Is it that the life you are forced into when your mother pushes you out between her thighs that sort of gifts you with the interests you end up with?
If so, it really is no wonder why I am the way I am.
I am deeply drawn to the twisted human mind, to the secrets that hide in darkness, to that which forces our minds to turn itself inside and out in madness. I am attracted to it, because life has forced me on that journey over and over again. I’ve been in places in my mind where most people would never dare to go.
I am not scared of the dark.
I thrive in it.
I am a very visual person. I percieve, interpret and understand the world mainly through what I see. This might sound vain in some perspectives, but it is not. Imagery is everything to me. My mind is visual, I think and understand mainly through metaphores. My mind is gigantic and constantly expanding.
If one thing leads to another, there’s really no surprise I ended up with this domain and the goal to write about the grotesque in art (and literature).
The concept of grotesque is much larger than fits into this blog post, so I’ll leave that for the entire blog. But it is something I’ve wanted to dive into for a long time, and now the time has come.
Aside from being retired as a photographer, I have also studied art history, focusing on theory/methods in analyzing black and white photography (analogue, mainly). I am trained, partly through these studies, but also from other parts of my life, to be strongly analytic, connect the dots and recognize patterns. I also happen to be very good at it.
What I’ll say about the term grotesque in art (and literature) is that every period of time (epoch) has it’s grotesque style. Every culture, every people, through every epoch, has had its own version of the grotesque – it’s fascinating.
I am not scared of the dark.
Art grotesque contains an enormous variety of imagery that sweeps through the history of art. What we may percieve as grotesque today is only a small piece of it, and my personal guess is that it varies between what individuals see as grotesque, scary, and what their personal demons look like.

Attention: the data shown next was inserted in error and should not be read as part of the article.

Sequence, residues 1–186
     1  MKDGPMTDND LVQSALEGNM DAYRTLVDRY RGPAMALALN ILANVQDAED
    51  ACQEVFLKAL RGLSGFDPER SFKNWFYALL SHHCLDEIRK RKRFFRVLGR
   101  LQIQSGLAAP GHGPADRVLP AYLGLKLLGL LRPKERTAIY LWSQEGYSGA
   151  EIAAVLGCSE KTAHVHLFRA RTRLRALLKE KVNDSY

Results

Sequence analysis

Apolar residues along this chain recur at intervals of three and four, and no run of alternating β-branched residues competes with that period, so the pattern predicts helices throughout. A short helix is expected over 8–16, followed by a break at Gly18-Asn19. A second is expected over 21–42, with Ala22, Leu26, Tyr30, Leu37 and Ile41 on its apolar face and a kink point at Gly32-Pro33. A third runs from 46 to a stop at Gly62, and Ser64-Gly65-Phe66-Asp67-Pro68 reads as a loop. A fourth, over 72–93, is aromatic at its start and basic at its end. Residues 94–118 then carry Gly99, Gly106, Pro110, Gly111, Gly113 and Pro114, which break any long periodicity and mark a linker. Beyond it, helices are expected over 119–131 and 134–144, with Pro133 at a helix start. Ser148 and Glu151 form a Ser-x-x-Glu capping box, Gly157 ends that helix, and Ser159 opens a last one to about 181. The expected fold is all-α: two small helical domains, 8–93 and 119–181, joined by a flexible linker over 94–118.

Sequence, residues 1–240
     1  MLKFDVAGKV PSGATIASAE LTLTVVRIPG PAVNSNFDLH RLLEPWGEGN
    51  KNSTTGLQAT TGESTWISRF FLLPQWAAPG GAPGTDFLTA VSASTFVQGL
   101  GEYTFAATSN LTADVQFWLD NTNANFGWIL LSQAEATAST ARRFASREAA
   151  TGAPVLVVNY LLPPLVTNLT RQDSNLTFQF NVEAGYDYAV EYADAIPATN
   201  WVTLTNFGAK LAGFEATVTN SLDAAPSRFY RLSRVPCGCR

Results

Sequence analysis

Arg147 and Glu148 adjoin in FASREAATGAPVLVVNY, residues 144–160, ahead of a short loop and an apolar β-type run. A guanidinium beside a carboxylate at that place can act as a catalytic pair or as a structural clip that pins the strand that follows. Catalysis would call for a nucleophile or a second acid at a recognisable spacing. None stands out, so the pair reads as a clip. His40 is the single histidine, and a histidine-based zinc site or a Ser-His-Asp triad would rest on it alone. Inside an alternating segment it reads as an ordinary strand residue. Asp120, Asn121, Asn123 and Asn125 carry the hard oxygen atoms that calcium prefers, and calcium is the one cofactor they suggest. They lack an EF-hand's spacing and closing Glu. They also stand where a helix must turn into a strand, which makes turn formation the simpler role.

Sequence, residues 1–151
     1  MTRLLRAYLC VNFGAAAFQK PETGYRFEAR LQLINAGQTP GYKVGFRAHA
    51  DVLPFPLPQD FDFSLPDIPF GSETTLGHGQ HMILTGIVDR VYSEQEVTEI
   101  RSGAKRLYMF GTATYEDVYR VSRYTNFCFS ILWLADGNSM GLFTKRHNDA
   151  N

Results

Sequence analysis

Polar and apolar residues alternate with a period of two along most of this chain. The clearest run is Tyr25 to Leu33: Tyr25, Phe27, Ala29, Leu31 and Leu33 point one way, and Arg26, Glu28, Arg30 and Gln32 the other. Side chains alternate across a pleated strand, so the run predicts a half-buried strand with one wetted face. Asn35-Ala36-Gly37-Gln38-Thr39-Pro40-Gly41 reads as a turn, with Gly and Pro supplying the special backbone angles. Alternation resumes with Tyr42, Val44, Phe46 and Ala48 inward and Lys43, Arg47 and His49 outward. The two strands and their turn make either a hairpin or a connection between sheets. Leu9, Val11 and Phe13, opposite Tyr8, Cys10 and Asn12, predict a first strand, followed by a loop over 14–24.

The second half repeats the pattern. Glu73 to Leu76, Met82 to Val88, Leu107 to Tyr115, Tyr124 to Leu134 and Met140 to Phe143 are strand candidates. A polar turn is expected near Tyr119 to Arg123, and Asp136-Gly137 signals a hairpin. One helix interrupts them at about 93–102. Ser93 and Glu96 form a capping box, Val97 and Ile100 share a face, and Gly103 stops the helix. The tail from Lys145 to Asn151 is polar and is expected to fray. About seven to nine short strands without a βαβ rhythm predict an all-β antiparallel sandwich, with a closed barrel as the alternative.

What you’ll find on this blog is my personal reflections over the concept of grotesque, art and literature that I find interesting, and most likely also my attempts on analyzing the grotesque in one direction or the other.
I don’t claim to be something that I’m not. I don’t have a degree in art history (unfortunately). I am not a teacher. I just enjoy and appreciate certain aspects of the world a bit more than others, and I like to share my perspective.
What I can say, though, is that to me, numerous disciplines intertwine. That makes it so much more interesting. Art, literature and philosophy tend to meld together in my mind. Psychology is not far behind. By understanding how we see, interpret and understand what’s in front of us, but also to know what we hide from, what scares us (and why it does) leads to the beginning of a terrifying but exciting journey into our own minds.
I am not afraid of the dark.
I made friends with the demons hiding a long, long time ago.
I am going to enjoy blogging on this domain. I’ve dived head first into the darkest pit of them all – my own mind. I won’t do that again, but since I am who I am, I really love exploring different perspectives of what I have experienced.
Madness can be an eye-opening experience.
So – let’s explore that madness together. Let’s find out what hides on the dark side of the moon. Let’s dance with demons. Let’s consume the insanity and lose the grip of reality for a while.